A recent diversity and inclusion report has given top marks to many fortune 500 companies for their inclusive policies around LGBTQ+ workers and their families. The Corporate Equality Index (CEI) is an annual assessment of company policies, employment frameworks, and employee benefit structures conducted by the Human Rights Campaign Foundation. The study reached out to over 1,200 participants, noting that over 800 companies have successfully incorporated equitable practices. That means 67 percent of the assessed companies have greatly improved the marker on the inclusivity of LGBTQ+ employees to ensure equitable access to jobs and can live life authentically.
The report comes as an achievement for many who envision corporates focusing on creating an equitable workplace. The report notes that the rise in inclusive policies has been backed by a proven increase in recruitment and retention of talented and diverse workforces in many work environments.
"The inaugural edition of the CEI included 319 participants, with 13 companies achieving top scores. The 20th-anniversary edition of the CEI now includes over 1,200 participants and more than 800 top scorers," notes Joni Madison, Interim President, Human Rights Campaign Foundation. “Ultimately,” she adds, “the growth of the CEI reflects the truth that so many leading businesses have come to embrace: leveling the playing field for LGBTQ+ workers is not simply a societal good; it is also good for business.
Key findings of the report
The Corporate Equality Index 2022 states that over 91 percent of the Fortune 500 have gender identity protections enumerated in their non-discrimination policies. In a report that focuses on the state of inclusive and non-discriminatory workplaces, the CEI noted that over 97 percent of the interviewed companies offered explicit gender identity non-discrimination protections to its employee. 93 percent of CEI-rated employers offered a robust set of practices to support organizational LGBTQ+ diversity competencies.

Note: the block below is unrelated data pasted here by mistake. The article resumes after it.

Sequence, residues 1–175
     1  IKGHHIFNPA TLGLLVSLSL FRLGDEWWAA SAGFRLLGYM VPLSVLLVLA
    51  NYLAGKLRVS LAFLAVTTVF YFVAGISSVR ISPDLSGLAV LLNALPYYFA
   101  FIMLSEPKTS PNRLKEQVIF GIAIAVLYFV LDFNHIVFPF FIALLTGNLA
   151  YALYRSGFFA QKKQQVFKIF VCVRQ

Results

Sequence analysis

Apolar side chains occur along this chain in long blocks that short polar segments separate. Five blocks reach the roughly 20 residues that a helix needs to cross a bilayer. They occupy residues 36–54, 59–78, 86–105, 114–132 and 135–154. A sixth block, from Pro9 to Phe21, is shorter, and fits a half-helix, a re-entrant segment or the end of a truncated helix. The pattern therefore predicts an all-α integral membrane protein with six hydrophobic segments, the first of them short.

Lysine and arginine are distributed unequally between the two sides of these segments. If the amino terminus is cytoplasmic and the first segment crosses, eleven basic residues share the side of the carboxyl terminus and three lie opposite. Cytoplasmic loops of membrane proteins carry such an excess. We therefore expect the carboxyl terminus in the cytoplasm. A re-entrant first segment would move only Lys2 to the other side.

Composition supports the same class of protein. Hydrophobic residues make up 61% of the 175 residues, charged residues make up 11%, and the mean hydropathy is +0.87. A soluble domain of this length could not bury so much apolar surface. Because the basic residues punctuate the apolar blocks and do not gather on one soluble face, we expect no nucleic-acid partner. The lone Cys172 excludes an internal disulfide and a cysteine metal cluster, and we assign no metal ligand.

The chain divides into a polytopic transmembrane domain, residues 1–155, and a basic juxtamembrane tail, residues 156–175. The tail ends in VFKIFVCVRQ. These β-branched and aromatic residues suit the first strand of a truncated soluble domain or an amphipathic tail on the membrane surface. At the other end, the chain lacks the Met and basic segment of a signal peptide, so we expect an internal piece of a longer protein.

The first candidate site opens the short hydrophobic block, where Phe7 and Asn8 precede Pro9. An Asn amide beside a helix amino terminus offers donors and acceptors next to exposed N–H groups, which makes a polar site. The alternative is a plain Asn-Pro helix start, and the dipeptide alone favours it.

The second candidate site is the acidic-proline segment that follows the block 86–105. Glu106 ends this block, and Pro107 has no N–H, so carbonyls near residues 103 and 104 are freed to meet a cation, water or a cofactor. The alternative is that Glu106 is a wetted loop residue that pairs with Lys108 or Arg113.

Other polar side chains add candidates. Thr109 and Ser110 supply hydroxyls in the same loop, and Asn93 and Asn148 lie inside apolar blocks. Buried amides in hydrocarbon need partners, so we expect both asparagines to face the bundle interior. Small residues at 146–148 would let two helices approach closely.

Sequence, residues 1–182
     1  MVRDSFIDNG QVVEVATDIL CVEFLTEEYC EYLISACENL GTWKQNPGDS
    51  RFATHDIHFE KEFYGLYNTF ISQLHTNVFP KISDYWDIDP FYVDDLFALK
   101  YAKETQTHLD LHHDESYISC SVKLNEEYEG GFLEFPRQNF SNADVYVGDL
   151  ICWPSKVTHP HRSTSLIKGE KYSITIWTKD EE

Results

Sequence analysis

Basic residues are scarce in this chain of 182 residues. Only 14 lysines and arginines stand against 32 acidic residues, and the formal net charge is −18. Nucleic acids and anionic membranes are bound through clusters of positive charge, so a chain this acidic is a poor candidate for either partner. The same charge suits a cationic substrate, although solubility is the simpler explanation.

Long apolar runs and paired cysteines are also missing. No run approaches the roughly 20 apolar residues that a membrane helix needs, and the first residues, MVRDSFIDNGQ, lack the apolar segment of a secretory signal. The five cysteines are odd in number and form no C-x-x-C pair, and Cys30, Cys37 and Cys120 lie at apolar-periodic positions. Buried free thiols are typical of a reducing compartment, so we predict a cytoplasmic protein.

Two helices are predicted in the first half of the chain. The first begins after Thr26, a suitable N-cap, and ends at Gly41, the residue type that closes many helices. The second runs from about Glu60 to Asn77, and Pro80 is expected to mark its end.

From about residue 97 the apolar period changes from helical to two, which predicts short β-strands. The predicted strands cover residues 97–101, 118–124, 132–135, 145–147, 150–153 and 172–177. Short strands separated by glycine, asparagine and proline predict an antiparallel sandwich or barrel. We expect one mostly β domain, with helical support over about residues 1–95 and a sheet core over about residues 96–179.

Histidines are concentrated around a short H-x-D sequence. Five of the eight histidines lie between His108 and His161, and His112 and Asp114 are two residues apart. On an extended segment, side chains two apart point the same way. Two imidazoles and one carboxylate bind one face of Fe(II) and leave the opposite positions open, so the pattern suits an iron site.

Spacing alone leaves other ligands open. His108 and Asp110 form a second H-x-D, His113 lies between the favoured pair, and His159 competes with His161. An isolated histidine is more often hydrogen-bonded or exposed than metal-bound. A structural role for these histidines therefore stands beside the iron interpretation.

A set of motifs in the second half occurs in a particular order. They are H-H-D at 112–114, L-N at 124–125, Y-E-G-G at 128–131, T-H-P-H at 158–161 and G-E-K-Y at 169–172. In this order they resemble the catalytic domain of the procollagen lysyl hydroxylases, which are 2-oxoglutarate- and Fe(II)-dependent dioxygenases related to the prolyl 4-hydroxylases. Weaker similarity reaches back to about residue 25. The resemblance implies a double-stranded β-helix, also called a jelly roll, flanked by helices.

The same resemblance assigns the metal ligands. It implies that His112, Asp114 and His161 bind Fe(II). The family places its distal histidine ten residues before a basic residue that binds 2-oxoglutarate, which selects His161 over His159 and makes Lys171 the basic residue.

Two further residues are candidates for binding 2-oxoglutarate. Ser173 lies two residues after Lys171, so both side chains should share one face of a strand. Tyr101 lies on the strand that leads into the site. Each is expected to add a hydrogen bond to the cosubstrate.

When it comes to benefits, the report notes 77 percent of documented companies provided inclusive benefits for same- and different-sex spouses and partners. Over 91 percent of businesses rated by the index offered at least one transgender-inclusive plan option with current market standard coverage, up from 0 in 2002 and just 8 percent in the 2009 CEI report. Additionally, 67 percent of the Fortune 500 and 86 percent of all CEI-rated businesses offer transgender-inclusive health insurance coverage.
Pointing to change in the overall landscape, the report highlights how this number has grown from 0 percent back in 2002 to over 22 times as many businesses as in 2009. The number has steadily risen as the index identifies over 108 new employers that offer this coverage according to the 2022 report.
Companies leading the way
Top fortune 500 companies like Apple, Walmart, and Berkshire Hathway, all formed a part of the study and were given top points when it came to creating an equitable work environment. Companies like Grant Thorton have figured in the top end of the CEI index rating for six years in a row.
Responding to the recognition of its equitable employee policies, Rashada Whitehead, Grant Thornton’s National Managing Director of Culture, Immersion & Inclusion shared that “receiving a perfect Corporate Equality Index rating for the sixth year in a row is both an honor and affirmation that we are moving in the right direction. For her, it was the recognition of the company’s commitment towards fostering an environment in which inclusion is a way of life. “This requires consistency,” she noted, “tenacious care, and the courage to evaluate and do things differently when needed. Every person deserves to feel safe, respected, and included. Our professionals play an instrumental role in influencing the policies and procedures that ensure we continue to cultivate a community where they feel valued and know they belong.”
The report highlights how companies have been able to improve their CEI ratings not only by creating policies and frameworks but by actually involving leaders and employees in the process. This is reflective of how companies seek to combat unconscious bias among managers and ensure policies lead to on-ground improvements. The report identifies that changing accountability metrics can help create senior-level buy-in for the long term. The report also notes that retaining employees is largely about everyday experiences on the job not solely about policies.